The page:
I attend a lot of meetings. And, in those I do, I hope to make some contribution to advance the purpose of the meeting rather than distract from it. I also try to be selective about the meetings I arrange, mindful of the time and energy of others. For many of us, it’s worth considering whether conversations can be better advanced in our absence or aided by our presence. Often we are representing colleagues or playing an ambassadorial role and that can be important, too. I don’t always get it right, but overall I think I am finding a reasonable balance.
Oct. 7, I attended an orientation program for individuals newly appointed to various boards and commissions for the State of Iowa. I admit my anticipation of the event centered on a sense of responsibility, and my expectations for how I might benefit or contribute were relatively low. We gathered for a three-hour session in the auditorium at the Iowa Historical Building. The audience represented a wide array of backgrounds and interests, all pulled together to be reminded about the rules.
For my part, I recently was appointed to the Iowa Governor’s STEM Advisory Council and as a member of the Executive Committee. The acronym STEM stands for Science, Technology, Engineering and Math. My role is to represent the perspective of private colleges and universities for the statewide STEM initiative. I am both interested in and passionate about the work of the council and hope in time I can make some meaningful contributions.
There were others in the audience, however, who are playing roles far different from mine that involve the process of agency rule making, providing oversight for various state functions and activities, determining licensure requirements for certain professions, and making recommendations related to major state projects.
During the sessions we heard from several key state officials including Lynn McRoberts, Director of Boards and Commissions; Brenna Findley, the Governor’s Legal Counsel and Interim Chief of Staff; Pam Griebel, Assistant Attorney General; Megan Tooker, Executive Director and Legal Counsel for the Iowa Ethics & Campaign Disclosure Board; and Joe Royce, Senior Legal Counsel with the Legal Services Division of the Legislative Services Agency.
Much of the discussion did indeed revolve around rules. As someone who has spent a lot of time on matters of governance there were not many new ideas or concepts for me to absorb. When Joe Royce stepped to the podium and offered his opening comments something changed for me, and I began to hear everything offered to that point and all that followed with different ears. He told us that legislators and executives often think they are the government. To some extent that is true. However, he was quick to point out that most of the real work of government and its interactions with people are manifested at the agency level with individuals like us serving on boards and commissions. We make government work. He suggested that what we do in the roles we play is the essence of democracy. His words penetrated through the necessary articulation of rules of governance to remind me of the role of citizen. With a new frame of reference, I began to interpret the comments each of the speakers offered with greater attention to the role, rather than the rule.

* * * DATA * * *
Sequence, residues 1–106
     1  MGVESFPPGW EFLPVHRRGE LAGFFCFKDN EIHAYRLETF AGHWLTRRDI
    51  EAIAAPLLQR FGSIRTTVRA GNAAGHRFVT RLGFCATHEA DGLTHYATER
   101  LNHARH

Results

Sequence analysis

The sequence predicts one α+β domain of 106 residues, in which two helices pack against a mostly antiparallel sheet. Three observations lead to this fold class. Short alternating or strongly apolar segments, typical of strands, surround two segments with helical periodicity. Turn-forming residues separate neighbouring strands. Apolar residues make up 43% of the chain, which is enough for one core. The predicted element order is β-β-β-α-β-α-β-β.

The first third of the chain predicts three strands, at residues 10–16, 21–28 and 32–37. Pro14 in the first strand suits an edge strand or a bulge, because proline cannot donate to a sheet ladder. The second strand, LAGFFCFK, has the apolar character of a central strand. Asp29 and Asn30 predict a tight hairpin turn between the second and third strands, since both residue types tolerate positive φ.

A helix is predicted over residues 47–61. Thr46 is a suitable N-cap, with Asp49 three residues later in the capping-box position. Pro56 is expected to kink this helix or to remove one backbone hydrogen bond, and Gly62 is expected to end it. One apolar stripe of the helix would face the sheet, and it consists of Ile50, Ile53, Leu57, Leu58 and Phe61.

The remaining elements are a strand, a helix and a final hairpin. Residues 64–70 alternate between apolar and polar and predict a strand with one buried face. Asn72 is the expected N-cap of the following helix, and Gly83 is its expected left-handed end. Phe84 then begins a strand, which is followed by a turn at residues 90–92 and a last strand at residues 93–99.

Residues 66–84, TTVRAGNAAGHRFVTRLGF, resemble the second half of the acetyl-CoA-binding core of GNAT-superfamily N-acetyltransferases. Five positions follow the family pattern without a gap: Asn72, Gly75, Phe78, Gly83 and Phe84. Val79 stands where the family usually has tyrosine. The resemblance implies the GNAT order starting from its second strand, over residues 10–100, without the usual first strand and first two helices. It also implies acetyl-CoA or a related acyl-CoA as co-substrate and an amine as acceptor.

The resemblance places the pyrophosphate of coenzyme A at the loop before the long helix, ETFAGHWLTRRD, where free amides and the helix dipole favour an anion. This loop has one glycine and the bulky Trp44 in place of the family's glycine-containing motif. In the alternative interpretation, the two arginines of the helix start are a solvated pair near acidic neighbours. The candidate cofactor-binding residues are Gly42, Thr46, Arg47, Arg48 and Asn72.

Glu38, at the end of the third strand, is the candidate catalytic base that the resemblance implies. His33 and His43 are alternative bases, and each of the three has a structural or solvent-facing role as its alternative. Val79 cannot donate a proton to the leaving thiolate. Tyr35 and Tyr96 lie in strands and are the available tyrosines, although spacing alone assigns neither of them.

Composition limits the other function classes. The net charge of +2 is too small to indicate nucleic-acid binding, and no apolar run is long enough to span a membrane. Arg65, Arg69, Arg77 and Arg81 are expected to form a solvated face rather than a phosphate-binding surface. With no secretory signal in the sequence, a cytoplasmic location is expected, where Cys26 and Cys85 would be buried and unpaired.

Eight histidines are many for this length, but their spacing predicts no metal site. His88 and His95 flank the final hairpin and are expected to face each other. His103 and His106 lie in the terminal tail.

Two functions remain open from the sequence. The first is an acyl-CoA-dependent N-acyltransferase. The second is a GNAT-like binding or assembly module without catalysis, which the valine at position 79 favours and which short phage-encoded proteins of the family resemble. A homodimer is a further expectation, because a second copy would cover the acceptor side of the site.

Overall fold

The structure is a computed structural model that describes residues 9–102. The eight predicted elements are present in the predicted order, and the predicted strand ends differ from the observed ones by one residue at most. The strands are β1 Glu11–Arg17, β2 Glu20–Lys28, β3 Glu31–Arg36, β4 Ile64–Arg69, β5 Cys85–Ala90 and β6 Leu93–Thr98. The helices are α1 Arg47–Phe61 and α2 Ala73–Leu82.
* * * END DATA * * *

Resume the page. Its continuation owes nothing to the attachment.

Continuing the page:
We were told many of us bring special expertise or affiliations that are helpful to the work of the boards and commissions. However, we were cautioned while we bring this perspective to the table, our charge is to serve the citizens of Iowa. Our task is not to represent any special interest or cause, but to ensure our deliberations and actions serve the common good. The essential guidance we received was to think on behalf of those who will be impacted by the work of the government. This was an invitation to use sound judgment.
There were reminders about the boundary conditions set for our work that would prevent us from overreaching. These included executive oversight, the limitations of statutes, and the scope of authority and responsibility. Rules can prevent some attempts to overreach, but in the end it takes collective wisdom to interpret the extent to which the actions of the government are serving the public good or becoming too burdensome.
Extensive attention was paid to preserving the public trust through transparency and openness, public access to records and deliberations, notice of agendas and minutes, and a commitment to consistency and integrity. Concurrently, there were points of clarity about the appropriate role for closed sessions and the requirements set to ensure the public interest. Warnings were given about ways in which public meetings can be compromised by inappropriate conversations in casual settings. The rules mattered less here as we were called to discipline and discretion in avoiding even the appearance of impropriety.
Discussions about conflicts of interest were key as overlaps within personal and professional circles are common. The call to us was to be very self-aware and err on the side of disclosure and recusal if there is even the perception that personal or professional interests might compromise our commitment to impartiality.
What I thought would be a simple recitation of the rules of government instead became a reflection on the role of citizenship. Words like judgment, wisdom, discipline, discretion and disclosure were refreshing to hear. Oct. 7, I was in a meeting with citizens and it felt really good.